"With a clearer understanding of the relative risks to the Amazon forest, we conclude that direct human impacts such as forest clearances for agriculture or mining should remain a focus of conservation policy. We also need more aggressive action to reduce greenhouse gas emissions in order to minimise the risk of drought and fire impacts to secure the future of most Amazon tree species."
The 12 tree species used in the study are broadly representative of the Amazon tree flora. Samples were collected in Panama, Ecuador, Brazil, Peru, French Guiana and Bolivia.
To determine the age of each tree species researchers extracted and sequenced DNA, analysing the number of genetic mutations. Using a molecular clock approach and population genetic models they estimated how long it would take for each of the species to accumulate the observed number of mutations, providing a minimum age for each species. They determined that nine of the tree species had existed for at least 2.6 million years, seven for at least 5.6 million years, and three for more than 8 million years.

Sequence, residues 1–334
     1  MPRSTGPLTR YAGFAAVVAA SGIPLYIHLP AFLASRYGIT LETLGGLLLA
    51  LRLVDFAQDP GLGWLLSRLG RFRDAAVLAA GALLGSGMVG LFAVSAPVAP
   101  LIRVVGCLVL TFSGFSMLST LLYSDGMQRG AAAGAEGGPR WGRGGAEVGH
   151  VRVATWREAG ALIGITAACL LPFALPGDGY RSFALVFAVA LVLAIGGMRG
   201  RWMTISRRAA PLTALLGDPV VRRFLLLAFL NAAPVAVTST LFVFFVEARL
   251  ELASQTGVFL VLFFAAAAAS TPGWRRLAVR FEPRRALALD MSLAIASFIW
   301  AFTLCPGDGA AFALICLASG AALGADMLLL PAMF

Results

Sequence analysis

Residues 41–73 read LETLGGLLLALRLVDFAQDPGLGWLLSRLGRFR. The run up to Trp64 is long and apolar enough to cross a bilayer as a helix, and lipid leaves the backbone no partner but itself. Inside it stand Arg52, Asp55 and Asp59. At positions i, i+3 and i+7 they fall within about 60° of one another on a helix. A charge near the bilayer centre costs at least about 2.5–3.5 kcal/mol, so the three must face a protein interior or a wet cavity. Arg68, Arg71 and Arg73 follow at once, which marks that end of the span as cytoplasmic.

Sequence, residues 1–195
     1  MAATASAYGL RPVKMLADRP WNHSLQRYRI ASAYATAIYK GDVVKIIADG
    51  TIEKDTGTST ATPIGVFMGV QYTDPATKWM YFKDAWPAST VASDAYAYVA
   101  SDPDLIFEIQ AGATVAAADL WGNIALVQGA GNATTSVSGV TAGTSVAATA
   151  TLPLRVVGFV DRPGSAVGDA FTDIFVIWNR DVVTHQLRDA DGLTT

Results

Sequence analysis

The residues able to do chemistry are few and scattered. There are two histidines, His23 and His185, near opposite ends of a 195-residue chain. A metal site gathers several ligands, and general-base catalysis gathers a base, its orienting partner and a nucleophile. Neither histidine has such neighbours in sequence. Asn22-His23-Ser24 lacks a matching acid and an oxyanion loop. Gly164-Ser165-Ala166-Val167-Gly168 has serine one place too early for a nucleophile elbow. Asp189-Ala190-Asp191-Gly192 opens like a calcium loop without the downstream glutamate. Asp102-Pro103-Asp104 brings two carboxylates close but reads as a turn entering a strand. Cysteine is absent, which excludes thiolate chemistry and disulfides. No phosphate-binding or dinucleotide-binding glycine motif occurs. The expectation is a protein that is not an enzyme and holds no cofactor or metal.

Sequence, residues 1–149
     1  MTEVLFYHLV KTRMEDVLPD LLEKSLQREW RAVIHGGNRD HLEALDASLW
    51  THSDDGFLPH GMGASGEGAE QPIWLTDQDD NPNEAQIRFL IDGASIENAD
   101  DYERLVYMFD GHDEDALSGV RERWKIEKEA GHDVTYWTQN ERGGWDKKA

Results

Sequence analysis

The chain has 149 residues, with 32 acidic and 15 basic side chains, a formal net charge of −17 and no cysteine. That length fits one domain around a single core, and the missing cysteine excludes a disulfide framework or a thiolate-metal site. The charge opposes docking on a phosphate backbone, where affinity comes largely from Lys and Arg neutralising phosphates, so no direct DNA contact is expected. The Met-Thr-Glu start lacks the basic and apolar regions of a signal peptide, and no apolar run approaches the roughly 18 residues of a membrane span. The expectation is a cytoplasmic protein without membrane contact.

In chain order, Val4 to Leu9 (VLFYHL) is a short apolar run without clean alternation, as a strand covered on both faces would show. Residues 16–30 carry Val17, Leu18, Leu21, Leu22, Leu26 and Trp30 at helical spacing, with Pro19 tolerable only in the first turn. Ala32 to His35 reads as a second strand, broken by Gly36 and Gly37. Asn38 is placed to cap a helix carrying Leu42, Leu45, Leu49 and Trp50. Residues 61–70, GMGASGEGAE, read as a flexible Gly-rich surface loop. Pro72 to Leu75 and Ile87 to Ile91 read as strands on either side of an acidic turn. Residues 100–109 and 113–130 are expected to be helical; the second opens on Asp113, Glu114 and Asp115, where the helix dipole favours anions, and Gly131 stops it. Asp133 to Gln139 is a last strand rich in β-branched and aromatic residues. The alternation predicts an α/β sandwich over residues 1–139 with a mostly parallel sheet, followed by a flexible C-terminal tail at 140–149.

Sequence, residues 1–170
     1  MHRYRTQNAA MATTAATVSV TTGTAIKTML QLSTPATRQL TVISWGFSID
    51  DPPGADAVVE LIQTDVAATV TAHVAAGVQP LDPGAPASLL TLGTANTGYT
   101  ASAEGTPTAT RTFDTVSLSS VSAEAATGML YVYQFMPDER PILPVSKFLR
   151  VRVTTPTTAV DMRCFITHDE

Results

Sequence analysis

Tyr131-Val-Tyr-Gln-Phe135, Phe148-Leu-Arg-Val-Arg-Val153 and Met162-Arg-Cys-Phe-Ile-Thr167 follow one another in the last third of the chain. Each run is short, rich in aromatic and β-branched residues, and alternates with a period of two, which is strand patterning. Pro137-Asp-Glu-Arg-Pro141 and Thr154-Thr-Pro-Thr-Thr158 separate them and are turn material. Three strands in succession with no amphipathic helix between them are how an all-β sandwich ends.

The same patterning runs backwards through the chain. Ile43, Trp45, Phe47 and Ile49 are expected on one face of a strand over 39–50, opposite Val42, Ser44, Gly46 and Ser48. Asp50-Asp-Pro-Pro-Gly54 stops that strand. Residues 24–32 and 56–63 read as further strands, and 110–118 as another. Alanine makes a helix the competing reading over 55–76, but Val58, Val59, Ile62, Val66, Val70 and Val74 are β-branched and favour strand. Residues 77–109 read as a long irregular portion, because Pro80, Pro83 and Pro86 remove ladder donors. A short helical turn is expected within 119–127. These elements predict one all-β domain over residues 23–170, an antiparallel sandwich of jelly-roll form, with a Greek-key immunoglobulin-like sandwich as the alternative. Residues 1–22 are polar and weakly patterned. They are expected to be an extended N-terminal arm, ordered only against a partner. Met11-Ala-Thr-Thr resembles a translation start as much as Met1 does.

With reference to climatic events that have occurred since those tree species emerged, the authors inferred that the tree species had previously survived warmer climates. Air temperatures across Amazonia in the early Pliocene Epoch (3.6 million to 5 million years ago) were similar to Intergovernmental Panel on Climate Change (IPCC) mid-range projections for the region in 2100. Air temperatures in the late Miocene Epoch (5.3 to 11.5 million years ago) were about the same as IPCC projections for the region in 2100 using some of the highest carbon-emission scenarios.
|Contact: Ed Nash|
University College London